Tuesday, November 22, 2011

History Mystery: Sex And The Religions Part.V

Before 1896 cyclone, the old steeple of St. Vincent’s church in St. Louis was quite similar to phallic and after the cyclone it was modified. Very practically speaking no part of the pre historic world is without any phallic pillars or towers. The ancient man plainly created god in his own vision and idea as the penis which was named as “ Asher”, “The powerful” and ”The Opener”. The ancient people named the right testicle as Ann or On and the left testicle as Hoa. The right testicle was supposed to be superior since they believed the male offspring produced there and the left testicle was inferior since it produces the female offspring. There are various reasons ascertained by the researchers why right testicle was considered as male. Usually the right testicle is larger than the left and the left testicle hung lower than the right and hence it was considered inferior. According to the Hindu myths entire right part of the Lord Shiva is male and the left female. The same view is available in the  Theories of the Kabbalah, the Greek theories of conception(Note: In Pythagorean numbers right considered  as male and left considered as female  is worth mention here)

In Hebrew the syllable Ben means Son, hence Benaiah mean the son of the God. The name Ben-Oni means the Son of On (son of the right testicle), Benjamin means, The son of the right side. Not only the lingam represented the sacred male genital, the pyramid or upright triangle (or otherwise called sacred male triangle) with its apex upward derived from the shape of the pubic hair of man which is very much naturally different from the pubic hair of woman (the male pubic hair resembles the upright triangle with apex upward, where as the female pubic hair resembles the triangle with apex upward). The Hindus or the Aryans, Early Egyptians symbolized the Trinity with the symbol triangle.

In India the lingam was also symbolized and worshiped in the shape of lotus flower or the lotus bud. The lily is often the symbol of The Father in the Christian church art. It was come from the Pagan origin which transplanted into Christian art. The Madonna and the child with lily symbolical of the holy family and the Assyrian god Ashur having a pine cone in the hand is worth mention. The lingam is also shown as a divine rod or a two forked stick the two forked stick represents the penis with two testicles and the Clover leaf or shamrock also represents the same. The Russian and the Greek orthodox cross is with three  cross bars, that was later the cross of the pope of the Roman church and that was also a religious symbol of Ancient Egypt and on the lids of  Sarcophagi. The Shamrock is the emblem of Trinity in Irish.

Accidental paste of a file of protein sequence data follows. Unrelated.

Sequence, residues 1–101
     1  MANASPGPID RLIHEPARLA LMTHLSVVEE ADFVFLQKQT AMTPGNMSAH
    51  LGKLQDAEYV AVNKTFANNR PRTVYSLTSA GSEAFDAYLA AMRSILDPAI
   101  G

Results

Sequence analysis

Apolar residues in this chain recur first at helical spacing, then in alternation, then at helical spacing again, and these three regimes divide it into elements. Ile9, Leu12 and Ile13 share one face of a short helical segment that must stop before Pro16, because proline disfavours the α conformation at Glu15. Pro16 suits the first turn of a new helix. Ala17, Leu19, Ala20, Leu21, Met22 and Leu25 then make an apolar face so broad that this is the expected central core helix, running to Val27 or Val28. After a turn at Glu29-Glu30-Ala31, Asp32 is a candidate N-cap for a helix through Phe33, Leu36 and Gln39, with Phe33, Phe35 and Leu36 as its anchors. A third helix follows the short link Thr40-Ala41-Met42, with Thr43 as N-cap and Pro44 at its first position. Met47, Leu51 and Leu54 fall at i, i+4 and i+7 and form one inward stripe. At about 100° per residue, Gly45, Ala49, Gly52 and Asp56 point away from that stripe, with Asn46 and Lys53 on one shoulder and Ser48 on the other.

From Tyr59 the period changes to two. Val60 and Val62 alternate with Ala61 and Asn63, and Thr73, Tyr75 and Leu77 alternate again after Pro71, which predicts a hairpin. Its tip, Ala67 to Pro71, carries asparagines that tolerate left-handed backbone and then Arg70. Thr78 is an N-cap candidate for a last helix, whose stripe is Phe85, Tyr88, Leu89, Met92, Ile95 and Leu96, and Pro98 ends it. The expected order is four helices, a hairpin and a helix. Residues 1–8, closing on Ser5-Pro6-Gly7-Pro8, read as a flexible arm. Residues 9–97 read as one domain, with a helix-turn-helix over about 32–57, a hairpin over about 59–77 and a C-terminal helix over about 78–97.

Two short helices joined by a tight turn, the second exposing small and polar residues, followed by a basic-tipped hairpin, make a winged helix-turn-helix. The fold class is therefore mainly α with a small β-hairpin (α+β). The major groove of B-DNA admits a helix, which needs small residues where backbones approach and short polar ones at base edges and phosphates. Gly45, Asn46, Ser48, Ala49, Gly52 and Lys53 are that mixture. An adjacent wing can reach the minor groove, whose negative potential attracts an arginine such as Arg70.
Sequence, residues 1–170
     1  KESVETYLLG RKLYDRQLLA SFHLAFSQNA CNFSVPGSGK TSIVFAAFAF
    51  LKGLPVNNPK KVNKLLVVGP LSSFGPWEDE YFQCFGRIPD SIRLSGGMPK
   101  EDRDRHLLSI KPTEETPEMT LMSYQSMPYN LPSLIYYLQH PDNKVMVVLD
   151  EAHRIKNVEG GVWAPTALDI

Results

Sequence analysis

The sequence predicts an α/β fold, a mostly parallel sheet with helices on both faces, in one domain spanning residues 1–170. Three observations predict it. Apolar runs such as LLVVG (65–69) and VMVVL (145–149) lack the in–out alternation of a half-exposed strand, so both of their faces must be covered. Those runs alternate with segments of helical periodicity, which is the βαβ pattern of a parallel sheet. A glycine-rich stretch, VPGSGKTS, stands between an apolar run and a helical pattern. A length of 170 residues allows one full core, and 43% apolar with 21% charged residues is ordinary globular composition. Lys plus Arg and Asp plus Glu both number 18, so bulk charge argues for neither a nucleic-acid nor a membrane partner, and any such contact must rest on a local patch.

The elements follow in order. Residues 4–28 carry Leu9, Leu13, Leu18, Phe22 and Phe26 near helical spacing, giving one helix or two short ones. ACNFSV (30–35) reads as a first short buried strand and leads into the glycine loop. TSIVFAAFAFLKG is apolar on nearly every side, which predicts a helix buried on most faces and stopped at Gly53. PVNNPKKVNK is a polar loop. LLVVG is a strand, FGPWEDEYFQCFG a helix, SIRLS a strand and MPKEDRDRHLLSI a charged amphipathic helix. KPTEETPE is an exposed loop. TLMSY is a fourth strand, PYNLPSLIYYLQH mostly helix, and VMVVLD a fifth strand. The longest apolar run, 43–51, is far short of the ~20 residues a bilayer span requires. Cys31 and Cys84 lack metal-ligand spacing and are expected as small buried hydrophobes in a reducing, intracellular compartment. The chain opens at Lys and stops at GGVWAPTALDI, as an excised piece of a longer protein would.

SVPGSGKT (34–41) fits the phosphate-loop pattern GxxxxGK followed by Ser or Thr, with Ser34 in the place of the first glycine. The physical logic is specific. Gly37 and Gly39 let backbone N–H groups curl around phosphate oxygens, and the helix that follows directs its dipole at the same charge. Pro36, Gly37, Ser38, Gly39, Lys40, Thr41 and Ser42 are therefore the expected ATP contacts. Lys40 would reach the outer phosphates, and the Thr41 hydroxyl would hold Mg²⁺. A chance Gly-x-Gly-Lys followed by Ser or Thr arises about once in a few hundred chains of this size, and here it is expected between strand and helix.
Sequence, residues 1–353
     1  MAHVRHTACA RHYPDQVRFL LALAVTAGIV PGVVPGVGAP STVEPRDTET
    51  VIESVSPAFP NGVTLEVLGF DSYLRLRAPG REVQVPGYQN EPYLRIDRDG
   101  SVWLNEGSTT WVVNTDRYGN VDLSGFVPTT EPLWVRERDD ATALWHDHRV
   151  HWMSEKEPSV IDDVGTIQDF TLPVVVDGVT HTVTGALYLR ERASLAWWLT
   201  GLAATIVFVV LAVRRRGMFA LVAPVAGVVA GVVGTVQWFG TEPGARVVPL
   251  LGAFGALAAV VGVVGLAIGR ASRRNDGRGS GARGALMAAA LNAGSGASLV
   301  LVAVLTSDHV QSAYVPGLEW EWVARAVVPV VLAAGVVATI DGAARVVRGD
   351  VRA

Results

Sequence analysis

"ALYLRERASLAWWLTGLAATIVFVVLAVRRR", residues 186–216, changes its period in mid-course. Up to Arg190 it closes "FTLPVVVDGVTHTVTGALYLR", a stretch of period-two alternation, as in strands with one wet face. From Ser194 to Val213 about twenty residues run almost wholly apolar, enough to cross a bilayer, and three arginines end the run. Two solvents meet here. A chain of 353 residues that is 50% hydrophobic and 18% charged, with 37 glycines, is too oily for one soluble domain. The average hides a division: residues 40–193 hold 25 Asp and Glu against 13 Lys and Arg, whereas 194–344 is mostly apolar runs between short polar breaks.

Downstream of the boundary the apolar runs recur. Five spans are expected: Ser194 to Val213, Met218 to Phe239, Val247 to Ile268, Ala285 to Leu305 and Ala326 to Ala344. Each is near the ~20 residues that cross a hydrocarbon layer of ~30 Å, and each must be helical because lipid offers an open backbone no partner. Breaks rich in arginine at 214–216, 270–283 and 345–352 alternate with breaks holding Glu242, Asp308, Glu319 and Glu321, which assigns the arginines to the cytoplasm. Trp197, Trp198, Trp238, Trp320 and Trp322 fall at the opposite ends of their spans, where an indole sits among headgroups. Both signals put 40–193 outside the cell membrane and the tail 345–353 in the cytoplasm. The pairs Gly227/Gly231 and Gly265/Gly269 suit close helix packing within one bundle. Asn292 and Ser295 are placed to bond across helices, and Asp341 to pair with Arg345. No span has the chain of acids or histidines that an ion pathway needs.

In ancient times in India there are many shrines with realistic figures of lingam where the sterile women go on pilgrimage and touch those holy images with their vulvas with the hope to conceive. Some sects in Hinduism believes that a woman who dies as virgin cannot go to the heaven (remember child marriage is predominant in those days and the widow children could not re marriage).  Such girls goes to those temples with scared stone phallus and ruptures their hymen with the belief the angles guarding the gates of heaven  will examine them and they will find that she had done her duty(coition) in earth and allow them to proceed.
                                                                                                                              (to be continued...)

Thursday, November 3, 2011

Know Your English Literature Part. XIV

Far from the Madding Crowd: Novel by Thomas Hardy published in 1874. It tells the story of farmer Batheheba Everdene and her three suitos- the good hearted Gabriel Oak, the dashing Sergeant Troy and the wealthy farmer Boldwood.
 The title came from the lines in Gray’s Elegy which says of those buried in the country churchyard: ‘Far from the madding crowd’s ignoble strife/ their sober wishes never learned to stray.’

Gray’s Elegy: Popular name for the poem Elegy written in a country church yard by Thomas Gray. The poem begins by considering the lives of those who lie buried in the village churchyard and then turns into a meditation on death. It contains many well known lines, such as ‘full many a flower is born to blush unseen, / and waste its sweetness in the desert air’.

Hamlet: Tragedy by William Shakespeare, written around 1599-1601. Before the play opens, the king of Denmark has been murdered by his brother, Claudius who has taken the throne and married the queen, Gertrude. The ghost of the dead king visits his son, Prince Hamlet, and urges him to avenge the murder. Hamlet tormented by this revelation, appears to be mad and cruelly rejects Ophelia whom he loved. Using a troupe of visiting players to act out his father’s death the prince prompts Claudius to expose his guilt. Hamlet then kills Ophelia’s father Polonius in mistake for Claudius, and Claudius tries but fails to have Hamlet killed. Ophelia drowns herself in grief, and her brother Laertes fights a duel with Hamlet. The play ends with the death by poison of the main characters and the arrival of Fortibras, prince of Norway, who assumes control.
Hamlet’s dilemma is often seen as typical of those whose thoughtful nature prevents quick and decisive action.. Hamlet contains several fine examples of Soliloquy, such as”To be or not to be” and the Hamlet’s earlier speech lamenting his mother’s hasty remarriage and Claudius’ reign which opens ’O! that this too too solid flesh would melt’. Much quoted lines include’ neither a borrower nor a lender be’, Something is rotten in the state of Denmark’, ‘Brevity is the soul of wit’, ‘To sleep: perchance to dream: ay, there’s the nub’; ‘the lady doth protest too much, methinks’, and ‘Alas, poor Yorick’.